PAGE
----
This personal narrative is amazing not just for the revealing view of life in clothing sweat shops, but the insight Wang gives on her co-workers, bosses, and other people associated with the garment industry.
6 von 6 Kunden fanden die folgende Rezension hilfreich
5.0 von 5 Sternen Fascinating! 23. März 2010
Von David B. Cohen - Veröffentlicht auf
Fascinating! Chicken Feathers takes us inside a world that was almost impossible to understand from the outside. This book is a great public service, but a great read as well.
5 von 5 Kunden fanden die folgende Rezension hilfreich
5.0 von 5 Sternen wonderful read...sit back and let it pull you along 14. März 2009
Von Ashley M. UYS - Veröffentlicht auf
A wonderful read. Filled with lovely Chinese sayings that bring you closer to the soul of the Chinese people. Earnest, heartfelt, and honestly written. A sad commentary told with heart and innocence. One can not help but wonder if any of us would have had the courage shown by this extraordinary young woman to pursue her dream. I am humbled and inspired.
4 von 4 Kunden fanden die folgende Rezension hilfreich
5.0 von 5 Sternen COURAGE - A YOUNG CHINESE WOMAN 13. März 2009
Von Joseph H. Race - Veröffentlicht auf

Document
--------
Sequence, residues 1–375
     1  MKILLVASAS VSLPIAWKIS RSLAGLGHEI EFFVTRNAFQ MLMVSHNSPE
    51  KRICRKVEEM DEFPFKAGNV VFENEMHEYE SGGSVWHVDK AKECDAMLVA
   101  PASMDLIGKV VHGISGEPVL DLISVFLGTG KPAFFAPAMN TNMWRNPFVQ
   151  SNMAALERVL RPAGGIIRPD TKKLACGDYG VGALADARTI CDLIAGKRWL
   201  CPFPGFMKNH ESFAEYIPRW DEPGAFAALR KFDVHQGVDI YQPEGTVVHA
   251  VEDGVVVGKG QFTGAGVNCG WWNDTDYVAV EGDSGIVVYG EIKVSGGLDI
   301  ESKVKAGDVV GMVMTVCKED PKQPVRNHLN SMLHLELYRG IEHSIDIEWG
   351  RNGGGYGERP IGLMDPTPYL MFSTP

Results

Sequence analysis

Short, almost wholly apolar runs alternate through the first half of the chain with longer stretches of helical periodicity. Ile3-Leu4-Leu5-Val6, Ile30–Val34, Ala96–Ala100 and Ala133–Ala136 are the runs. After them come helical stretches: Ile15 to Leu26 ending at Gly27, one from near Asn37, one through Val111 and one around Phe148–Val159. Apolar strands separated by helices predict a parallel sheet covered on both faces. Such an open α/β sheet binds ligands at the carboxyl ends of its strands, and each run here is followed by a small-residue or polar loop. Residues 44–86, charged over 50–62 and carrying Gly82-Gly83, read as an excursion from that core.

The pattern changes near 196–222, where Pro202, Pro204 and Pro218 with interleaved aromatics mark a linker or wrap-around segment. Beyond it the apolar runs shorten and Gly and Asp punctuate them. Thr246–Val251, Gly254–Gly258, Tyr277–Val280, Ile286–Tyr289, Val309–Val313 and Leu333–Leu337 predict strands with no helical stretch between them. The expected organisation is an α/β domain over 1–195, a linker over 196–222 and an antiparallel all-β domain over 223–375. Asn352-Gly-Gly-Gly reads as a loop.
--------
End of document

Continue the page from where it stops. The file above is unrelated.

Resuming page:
This precise, sensitive, well-written book says it all about the young people that venture forth to foreign lands to follow their dreams and to help support their families in their home countries. It takes ambition and courage, which this young woman has to the nth dregree, to outrun "the tigers behind her' and to face "the wolves" in front of her. Along the way, Chun encounters labor fraud, mean and nasty supervisors (male and female), lies and deception, unreasonable quotas in garment manufacture, etc. She soon discovers that "humans" are human everywhere, and it isn't any different with her own people, the Chinese, that she expected to be treated with honor and kindness by her own, but it wasn't any different than by other ethnic groups. Scroundels are scroundels, no matter their background...or gender. This diary is Chun's eight-year journey through many different garment factories on Saipan, and told through her own eyes, and not dressed up by some PR specialist or some activist group. This is her personal story told in her own words, and a very special story it is. You'll also meet some of her worthy friends. Hurray for Chun, and may your dreams come true. Thanx for sharing. I refer readers to John Bowe's "Nobodies", where he discusses (also pages and interviews about labor conditions on Saipan) the so-called throw-away people in other industries needing cheap labor, whom are treated much the same disgraceful way as Chun, and some cases, worse.